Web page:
…This morning I got up at 7.20am to watch the
early morning Children’s BBC programmes.
Mum and Dad didn’t disapprove because I brought them up
a cup of tea – one each, not just the one.
We went to Leicester at 9am to spend our Christmas money.
We went from C&A to Lewis’s to Marks and Spencer and
then to WHSmiths.
I bought a Live and Let Die book, Asterix and the Banquet,
an Asterix game book and a book of TV themes for the piano.
Then we went to Hudsons, Breezes and Mothercare.
Later I watched Fifty Not Out celebrating 50 years of sport
on BBC television.
I had to watch Children’s BBC on the old black-and-white
television in the dining room…
For the first seven or eight years of my life, black-and-white television was all I knew.
Then a colour set was bought. It must have been in 1983 or even as late as ’84.
The very first thing I saw on it, and hence my first taste of technicolour entertainment inside my own home, was an edition of On Safari. I remember being startled by how vivid, not to say lurid, was the gunge in the studio swamp pits. The same went for Christopher Biggins.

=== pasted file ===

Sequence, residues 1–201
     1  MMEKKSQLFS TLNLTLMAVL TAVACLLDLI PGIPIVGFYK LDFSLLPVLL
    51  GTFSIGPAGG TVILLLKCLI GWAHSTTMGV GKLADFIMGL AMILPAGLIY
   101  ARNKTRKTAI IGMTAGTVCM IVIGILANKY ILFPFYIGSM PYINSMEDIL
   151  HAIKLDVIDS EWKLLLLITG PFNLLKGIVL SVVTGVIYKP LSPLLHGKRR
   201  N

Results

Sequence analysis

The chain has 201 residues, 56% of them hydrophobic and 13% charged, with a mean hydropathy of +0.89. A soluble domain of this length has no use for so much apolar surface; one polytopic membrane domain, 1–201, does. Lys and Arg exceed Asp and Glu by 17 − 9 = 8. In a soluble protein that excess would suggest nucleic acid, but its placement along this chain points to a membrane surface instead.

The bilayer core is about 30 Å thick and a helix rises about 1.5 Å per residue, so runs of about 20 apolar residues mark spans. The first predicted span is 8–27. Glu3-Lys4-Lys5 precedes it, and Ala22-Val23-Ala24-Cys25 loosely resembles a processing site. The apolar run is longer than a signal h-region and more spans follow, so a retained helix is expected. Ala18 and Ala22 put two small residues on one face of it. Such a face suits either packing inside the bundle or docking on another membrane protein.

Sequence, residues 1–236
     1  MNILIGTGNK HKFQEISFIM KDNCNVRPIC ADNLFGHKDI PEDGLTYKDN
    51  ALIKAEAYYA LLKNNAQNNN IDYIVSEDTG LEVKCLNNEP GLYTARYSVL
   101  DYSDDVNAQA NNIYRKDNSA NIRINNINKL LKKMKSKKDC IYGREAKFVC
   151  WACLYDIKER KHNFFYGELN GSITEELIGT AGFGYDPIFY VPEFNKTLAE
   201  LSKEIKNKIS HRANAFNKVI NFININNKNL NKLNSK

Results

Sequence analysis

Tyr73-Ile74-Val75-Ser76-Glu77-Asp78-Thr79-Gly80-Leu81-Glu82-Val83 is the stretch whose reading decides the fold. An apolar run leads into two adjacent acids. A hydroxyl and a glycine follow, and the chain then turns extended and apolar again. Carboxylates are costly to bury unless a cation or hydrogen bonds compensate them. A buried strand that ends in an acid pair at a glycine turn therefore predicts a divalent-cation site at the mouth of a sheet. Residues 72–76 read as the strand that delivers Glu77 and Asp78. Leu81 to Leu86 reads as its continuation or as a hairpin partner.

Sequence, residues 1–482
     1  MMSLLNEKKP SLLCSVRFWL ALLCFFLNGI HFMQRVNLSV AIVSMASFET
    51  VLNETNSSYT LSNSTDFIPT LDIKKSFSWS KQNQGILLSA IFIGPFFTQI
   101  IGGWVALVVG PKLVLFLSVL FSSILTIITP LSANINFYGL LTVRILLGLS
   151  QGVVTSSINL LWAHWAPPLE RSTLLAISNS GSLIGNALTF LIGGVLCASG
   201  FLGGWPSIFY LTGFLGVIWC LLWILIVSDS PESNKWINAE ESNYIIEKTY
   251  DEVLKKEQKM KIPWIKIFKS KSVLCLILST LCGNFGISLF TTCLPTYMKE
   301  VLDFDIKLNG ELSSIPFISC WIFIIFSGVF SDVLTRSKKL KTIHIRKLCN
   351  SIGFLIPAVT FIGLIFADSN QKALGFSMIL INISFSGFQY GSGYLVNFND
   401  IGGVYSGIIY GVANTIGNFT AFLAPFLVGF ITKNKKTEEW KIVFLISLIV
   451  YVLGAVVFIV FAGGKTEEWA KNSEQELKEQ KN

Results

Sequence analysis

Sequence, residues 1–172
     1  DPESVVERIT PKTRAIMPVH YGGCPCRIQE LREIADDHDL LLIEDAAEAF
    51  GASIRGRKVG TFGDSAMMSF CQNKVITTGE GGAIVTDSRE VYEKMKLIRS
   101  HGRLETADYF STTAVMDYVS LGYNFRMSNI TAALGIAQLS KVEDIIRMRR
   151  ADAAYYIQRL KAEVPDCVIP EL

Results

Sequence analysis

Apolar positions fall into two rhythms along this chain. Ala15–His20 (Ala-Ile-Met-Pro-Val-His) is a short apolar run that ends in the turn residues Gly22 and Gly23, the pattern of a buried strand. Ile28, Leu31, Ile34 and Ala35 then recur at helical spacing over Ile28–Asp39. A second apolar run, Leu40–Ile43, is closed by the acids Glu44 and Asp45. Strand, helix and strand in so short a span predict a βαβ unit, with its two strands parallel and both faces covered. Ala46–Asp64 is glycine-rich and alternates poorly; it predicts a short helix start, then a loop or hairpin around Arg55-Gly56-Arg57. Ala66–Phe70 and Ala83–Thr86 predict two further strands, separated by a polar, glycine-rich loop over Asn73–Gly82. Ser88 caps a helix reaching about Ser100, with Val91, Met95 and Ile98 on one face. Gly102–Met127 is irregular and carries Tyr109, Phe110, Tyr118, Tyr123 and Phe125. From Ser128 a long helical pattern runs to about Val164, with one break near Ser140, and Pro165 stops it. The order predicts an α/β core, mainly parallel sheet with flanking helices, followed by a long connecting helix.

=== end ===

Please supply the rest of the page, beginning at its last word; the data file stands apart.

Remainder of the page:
The black-and-white set, which one of my parents had acquired in the 1960s, was a Grundig replete a dial for tuning into the stations.
It now served as the reserve television, where one of us could watch an alternative to whatever was on the main set.
In my case it increasingly became an alternative in all senses, as within a couple of years it would be where I went to stock up on the likes of Blackadder, Fry and Laurie, KYTV and others.
I always felt much more at ease watching these kinds of things by myself in a separate room away from the others. There was never much communal all-gather-round-the-goggle-box business in our house.
Later still I got to take the Grundig away with me to university. It was now over 30 years old but still working perfectly fine, and allowed me to become known in my hall of residence corridor as That One With The TV. Which I suppose was better than a clutch of other alternatives.
Two years after that, my sister took it away with her to university, and broke it.